Gramps and I were not really considering marriage at that time but not considering ever parting, so I guess you could say we both grew spiritually together.
I heard about "God" or there being such a thing since I can remember, as I always went to church, but I didn't realize what He did for me because He loved me so.
Gramps was saved only a few months before we dated, but I had heard he wanted to be a preacher. He brought me to church with him. I don't remember who talked to me about God first.
I knew Gramps before he was saved and could have spit on him. He was !??!- - . Well, when I heard he wanted to be a preacher, I could see a vast difference in him. I became more interested in spiritual things and eventually was saved.
My Grandpa Reddick couldn't have been 5 feet tall and slender. They had huge steps (stone or cement) the whole width of the front of the house. He would sit on them and chew tobacco. They also had an out-house and carried water from a well in the center of town - Gratis, Ohio.
Let me tell on Grandma Stubbs (my mom). She told about once she wanted to surprise her mom when she was away. She mixed up some bread dough. Evidently, it was too cool to rise well or something. She thought it wasn't any good, so she dug a hole in the backyard (no grass) and buried it so nobody would know. WELL, the sun came out and warmed the ground and white stuff came bubbling out! "BE SURE YOUR SIN WILL FIND YOU OUT."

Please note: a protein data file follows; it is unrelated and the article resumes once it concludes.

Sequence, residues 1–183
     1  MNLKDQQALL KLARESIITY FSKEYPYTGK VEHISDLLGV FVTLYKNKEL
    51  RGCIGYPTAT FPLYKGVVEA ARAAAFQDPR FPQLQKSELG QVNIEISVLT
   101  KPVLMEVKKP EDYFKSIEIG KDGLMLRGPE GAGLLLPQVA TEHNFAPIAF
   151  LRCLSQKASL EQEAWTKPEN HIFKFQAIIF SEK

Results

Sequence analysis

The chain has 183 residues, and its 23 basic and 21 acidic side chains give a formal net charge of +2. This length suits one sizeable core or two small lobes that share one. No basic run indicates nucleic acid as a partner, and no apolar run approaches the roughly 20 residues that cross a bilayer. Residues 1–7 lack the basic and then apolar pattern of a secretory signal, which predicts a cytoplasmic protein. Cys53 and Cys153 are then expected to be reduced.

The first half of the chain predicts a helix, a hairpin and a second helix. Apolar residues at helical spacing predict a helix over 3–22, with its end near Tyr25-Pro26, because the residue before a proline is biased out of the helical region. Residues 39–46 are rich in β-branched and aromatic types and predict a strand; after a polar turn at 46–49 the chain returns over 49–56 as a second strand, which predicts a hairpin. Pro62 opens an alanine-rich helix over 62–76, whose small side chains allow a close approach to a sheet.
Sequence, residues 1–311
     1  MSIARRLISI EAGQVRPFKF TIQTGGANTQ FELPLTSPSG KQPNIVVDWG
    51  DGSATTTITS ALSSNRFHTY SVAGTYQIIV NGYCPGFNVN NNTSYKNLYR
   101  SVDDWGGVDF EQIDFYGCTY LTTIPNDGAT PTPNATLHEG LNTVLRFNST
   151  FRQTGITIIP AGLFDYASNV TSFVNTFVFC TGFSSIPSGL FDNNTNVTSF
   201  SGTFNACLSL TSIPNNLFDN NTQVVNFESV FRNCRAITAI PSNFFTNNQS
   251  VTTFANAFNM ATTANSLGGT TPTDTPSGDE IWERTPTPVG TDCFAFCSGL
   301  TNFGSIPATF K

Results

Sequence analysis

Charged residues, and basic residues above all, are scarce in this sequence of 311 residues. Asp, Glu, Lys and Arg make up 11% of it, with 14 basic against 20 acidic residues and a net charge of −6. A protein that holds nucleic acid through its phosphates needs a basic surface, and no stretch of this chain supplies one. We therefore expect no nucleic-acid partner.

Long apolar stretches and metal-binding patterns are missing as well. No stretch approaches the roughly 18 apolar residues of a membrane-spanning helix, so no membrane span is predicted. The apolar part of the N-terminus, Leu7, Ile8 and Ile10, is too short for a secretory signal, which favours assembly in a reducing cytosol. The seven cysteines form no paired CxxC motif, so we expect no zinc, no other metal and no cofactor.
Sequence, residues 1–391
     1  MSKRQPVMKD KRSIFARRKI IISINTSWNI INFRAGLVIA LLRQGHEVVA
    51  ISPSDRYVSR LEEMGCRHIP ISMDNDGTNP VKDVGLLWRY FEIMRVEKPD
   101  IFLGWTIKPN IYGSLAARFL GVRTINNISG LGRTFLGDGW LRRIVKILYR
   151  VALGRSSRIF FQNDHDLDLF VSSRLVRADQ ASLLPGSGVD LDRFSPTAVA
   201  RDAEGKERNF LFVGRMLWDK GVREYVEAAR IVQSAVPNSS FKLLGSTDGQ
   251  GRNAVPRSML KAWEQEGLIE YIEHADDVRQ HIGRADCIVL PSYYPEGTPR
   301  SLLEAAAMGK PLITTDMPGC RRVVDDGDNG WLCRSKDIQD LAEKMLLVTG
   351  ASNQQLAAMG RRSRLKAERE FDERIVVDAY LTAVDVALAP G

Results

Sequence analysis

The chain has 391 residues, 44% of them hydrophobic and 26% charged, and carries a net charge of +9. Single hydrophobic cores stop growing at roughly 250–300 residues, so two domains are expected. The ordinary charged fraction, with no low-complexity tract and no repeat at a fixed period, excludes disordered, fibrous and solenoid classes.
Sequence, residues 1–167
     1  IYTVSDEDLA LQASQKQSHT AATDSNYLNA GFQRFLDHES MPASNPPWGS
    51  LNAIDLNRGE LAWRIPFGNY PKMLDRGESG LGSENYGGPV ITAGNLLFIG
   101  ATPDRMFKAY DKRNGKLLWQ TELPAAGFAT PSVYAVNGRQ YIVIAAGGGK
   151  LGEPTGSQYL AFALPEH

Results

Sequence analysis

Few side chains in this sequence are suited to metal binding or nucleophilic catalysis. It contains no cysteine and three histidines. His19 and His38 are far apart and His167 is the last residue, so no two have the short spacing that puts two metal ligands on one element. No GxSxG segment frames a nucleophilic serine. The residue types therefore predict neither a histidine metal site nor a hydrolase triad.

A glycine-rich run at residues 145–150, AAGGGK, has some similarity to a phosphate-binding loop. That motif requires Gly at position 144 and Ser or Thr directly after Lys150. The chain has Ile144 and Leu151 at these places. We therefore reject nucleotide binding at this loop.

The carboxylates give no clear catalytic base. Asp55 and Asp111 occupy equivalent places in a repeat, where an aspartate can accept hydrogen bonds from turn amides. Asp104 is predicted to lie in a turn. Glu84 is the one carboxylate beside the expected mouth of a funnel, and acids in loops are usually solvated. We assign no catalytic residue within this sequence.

Grandpa tells of an old-time doctor that always rode horse and buggy. Well, he got a car and one night when going home after a very tiring day, he approached his barn and called out "Whoa, Whoa". The car went right through the barn.
God is Still on the Throne!
God will supply all your needs!
When in Bible School, we went with debts and got out of debt while there. We went with 6 children, came out with 7. At Christmas time, several sent money to spend on either Christmas for the children or the new baby (Jackie - date left off for security). Dad worked at a gas station where he got blue stamps when customer's didn't want theirs. We bought groceries and got green stamps. The three older ones wanted a watch. We had enough stamps for these. All we had to do was pay tax. A neighboring store had a fire and we bought most of the rest from the "fire sale". The money sent went to pay the hospital and doctor. We lacked $50. When we arrived home, there was a check from a distant relative, my dad's cousin, who I never knew existed - $50.
Helen and I were close. I was her "baby sister" (6-1/2 years difference). After she married and went back to N.H. to live, we weren't as close. One year for Christmas, she got a camel-hair coat, the style of the season and just what she wanted. She cried for joy but I couldn't see why she cried when she should be happy.
Bob ate the head of my marshmallow chicken one Easter. My folks told me I could have anything I wanted out of his basket. I cried and woudln't take anything. I wanted the head of my chicken.